Once upon a time, buying software was a one-off purchase. A bit like buying a music single. The advantage of absolute certainty of cost outweighed bugs and other issues. But in today’s world, as software is becoming more sophisticated, many companies are moving towards subscription models supported by rapid improvements, developments and fixes – often guided by user requests. In the age of intelligent algorithms that can learn, this is no longer a nice idea, but essential.
Machine learning (ML) is a form of statistics that allows learning over time as new data is entered. This means the statistical models become more accurate. It also means predictions are robust to developments. A ML model to assist driving a car can adapt to new weather and road conditions, even different drivers given enough data is gathered.
This is a fantastic development akin to a car that gets more valuable with age, instead of depreciating. But there is also a downside: If these algorithms are left unsupervised, they can start to pick up strange and mysterious behaviours. Let’s discuss a few of these below:
1. Moving goal posts:
Machine Learning should in theory get better over time. This is usually the case, but not always. If data stops being recorded correctly, or a field is changed, it is possible that the performance of the model will fall. This may go unnoticed at first but could eventually become a serious issue. For instance, a sensor could shift from its original position or, a data entry employee could leave a team and their replacement doesn’t record times correctly. This could cause predictions to shift from their desired purpose all the while accuracy measures could still be high.
There are methods to monitor performance like automated alerts and reports which, together with continuous integration tools like Jenkins, offer rapid response to issues. However, these need interpreting and it can be laborious to cover every possible scenario. At the end of the day, there simply isn’t an alternative to a curious data scientist and continued support.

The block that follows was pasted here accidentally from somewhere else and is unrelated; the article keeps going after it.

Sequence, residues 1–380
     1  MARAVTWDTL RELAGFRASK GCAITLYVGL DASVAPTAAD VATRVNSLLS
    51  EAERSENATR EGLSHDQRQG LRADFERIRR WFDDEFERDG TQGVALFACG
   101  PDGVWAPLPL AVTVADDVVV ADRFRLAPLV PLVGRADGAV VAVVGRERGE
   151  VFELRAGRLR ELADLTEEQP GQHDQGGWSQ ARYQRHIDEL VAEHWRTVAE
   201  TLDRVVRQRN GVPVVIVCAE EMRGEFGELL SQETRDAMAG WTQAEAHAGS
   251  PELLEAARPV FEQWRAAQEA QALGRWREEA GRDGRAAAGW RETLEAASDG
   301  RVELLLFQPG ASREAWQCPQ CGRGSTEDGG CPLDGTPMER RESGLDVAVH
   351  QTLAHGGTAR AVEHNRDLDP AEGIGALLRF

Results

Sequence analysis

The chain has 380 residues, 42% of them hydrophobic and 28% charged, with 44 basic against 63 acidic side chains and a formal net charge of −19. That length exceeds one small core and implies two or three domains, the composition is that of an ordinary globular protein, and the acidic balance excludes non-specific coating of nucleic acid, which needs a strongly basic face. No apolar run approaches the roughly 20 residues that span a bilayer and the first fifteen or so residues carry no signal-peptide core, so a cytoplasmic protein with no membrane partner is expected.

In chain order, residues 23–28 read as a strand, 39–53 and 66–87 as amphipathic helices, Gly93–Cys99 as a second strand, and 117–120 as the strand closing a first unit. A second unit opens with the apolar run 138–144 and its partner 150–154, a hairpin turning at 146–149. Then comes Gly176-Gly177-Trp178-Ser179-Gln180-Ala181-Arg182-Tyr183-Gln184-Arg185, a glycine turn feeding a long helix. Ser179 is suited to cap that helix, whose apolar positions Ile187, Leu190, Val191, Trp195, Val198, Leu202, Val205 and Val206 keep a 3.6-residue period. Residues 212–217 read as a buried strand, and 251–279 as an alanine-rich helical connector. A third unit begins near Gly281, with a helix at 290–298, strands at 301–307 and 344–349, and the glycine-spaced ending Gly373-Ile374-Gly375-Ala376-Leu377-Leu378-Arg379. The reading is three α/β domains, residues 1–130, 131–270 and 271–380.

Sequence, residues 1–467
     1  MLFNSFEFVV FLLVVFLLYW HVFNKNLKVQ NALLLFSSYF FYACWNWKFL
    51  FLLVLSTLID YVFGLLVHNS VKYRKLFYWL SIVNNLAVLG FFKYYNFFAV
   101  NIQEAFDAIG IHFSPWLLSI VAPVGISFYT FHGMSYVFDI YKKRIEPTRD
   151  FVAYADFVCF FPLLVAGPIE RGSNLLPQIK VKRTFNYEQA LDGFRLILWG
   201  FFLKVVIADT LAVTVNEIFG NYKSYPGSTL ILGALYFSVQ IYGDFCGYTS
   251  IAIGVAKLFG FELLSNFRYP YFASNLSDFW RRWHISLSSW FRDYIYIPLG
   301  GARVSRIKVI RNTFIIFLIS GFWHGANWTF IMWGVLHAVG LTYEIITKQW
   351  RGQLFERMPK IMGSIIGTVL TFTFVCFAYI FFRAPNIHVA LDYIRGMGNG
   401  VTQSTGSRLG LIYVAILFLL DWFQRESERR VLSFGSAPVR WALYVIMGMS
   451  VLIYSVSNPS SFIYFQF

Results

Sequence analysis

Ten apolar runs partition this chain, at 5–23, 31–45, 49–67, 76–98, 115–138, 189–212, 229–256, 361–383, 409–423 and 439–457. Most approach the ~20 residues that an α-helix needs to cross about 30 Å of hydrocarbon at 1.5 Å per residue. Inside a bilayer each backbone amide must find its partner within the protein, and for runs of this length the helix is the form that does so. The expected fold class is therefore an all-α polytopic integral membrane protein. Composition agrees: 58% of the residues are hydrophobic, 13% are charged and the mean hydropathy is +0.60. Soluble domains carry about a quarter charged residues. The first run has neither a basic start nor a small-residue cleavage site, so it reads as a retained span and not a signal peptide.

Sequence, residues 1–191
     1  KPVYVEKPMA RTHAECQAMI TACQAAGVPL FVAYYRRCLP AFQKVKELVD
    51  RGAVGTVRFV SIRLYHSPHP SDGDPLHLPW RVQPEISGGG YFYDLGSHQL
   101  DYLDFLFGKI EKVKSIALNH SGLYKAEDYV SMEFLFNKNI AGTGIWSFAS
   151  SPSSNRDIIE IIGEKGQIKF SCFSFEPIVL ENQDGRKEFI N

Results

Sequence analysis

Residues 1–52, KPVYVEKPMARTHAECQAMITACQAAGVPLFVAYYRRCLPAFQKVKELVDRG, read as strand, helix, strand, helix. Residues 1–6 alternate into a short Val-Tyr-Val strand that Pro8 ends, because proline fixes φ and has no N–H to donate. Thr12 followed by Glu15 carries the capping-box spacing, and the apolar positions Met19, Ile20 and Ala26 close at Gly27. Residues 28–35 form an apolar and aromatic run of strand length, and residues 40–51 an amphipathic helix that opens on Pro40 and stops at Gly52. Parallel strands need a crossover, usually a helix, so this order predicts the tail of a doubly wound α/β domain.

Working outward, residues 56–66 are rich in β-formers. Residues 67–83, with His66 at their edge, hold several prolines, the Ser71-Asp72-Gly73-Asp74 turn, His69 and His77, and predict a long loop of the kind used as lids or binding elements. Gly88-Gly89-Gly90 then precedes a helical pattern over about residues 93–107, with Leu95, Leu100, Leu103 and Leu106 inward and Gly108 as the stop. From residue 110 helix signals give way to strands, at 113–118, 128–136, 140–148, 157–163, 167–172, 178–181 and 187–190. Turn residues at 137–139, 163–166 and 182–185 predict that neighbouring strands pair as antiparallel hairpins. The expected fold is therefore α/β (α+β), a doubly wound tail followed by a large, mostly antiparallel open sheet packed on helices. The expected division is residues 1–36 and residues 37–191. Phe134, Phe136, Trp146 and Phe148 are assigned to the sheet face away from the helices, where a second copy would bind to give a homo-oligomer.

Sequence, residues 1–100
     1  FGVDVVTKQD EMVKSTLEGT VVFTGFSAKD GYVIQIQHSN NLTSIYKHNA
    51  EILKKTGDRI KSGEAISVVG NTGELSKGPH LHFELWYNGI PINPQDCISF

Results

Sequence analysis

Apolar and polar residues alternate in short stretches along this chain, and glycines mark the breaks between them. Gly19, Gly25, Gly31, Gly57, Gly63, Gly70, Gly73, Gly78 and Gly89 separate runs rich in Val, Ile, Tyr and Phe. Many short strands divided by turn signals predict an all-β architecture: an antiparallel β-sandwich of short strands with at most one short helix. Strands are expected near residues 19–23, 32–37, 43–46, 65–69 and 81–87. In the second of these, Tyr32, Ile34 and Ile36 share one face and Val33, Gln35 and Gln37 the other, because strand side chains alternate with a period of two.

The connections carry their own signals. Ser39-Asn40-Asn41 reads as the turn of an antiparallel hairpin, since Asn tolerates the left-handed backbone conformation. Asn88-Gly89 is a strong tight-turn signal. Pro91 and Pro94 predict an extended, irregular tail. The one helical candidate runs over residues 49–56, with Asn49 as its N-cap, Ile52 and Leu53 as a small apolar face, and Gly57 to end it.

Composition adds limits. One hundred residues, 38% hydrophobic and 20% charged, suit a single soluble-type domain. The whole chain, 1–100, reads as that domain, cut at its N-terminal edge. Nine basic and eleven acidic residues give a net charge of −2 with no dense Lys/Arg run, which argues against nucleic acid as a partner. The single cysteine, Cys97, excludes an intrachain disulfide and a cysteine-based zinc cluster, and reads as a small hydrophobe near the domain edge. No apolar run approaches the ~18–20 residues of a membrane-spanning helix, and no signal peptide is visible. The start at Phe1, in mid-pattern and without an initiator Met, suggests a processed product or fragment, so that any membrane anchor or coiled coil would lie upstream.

Some algorithms achieve remarkable results, but for the wrong reasons. The classic example was a system that identified dogs and cats in photos. It was incredibly accurate at telling the difference between a dog and a cat, except when the cat was sat on the lawn: the algorithm was picking up the high correlation between dogs and green grass, rather than recognising the features of dogs and cats. In other situations, this could lead to misleading results. The solution to the dog vs cat problem was simple – turn images black and white before analysing. Over time it’s possible that the algorithm finds a cheat (the green grass in our example) and sticks to it with negative consequences for the accuracy of predictions.
3. Leaking bias:
Algorithms need to reflect good ethics. If they bias a certain part of the population, this could have undesirable consequences. Just like none of us would want a racist judge overseeing a legal system, so the same should apply to algorithms. The problem is that it can be hard to tell if an algorithm is behaving as it should, or with unethical bias – particularly if that bias is introduced slowly over time.
The consequence is that algorithms based on AI or machine learning need human supervision by someone that understands the underlying algorithms as well as the outputs. A bit like a seasoned mechanic listening to your car, a data scientist is someone that understands the underlying modelling as well as the results.
Have you checked the oil on your machine learning model? Leaving Excel alone for weeks at worst resulted in outdated results that no one understands, but the same is often not true of modern algorithms. An ongoing oversight is needed if these algorithms are to deliver their promised results.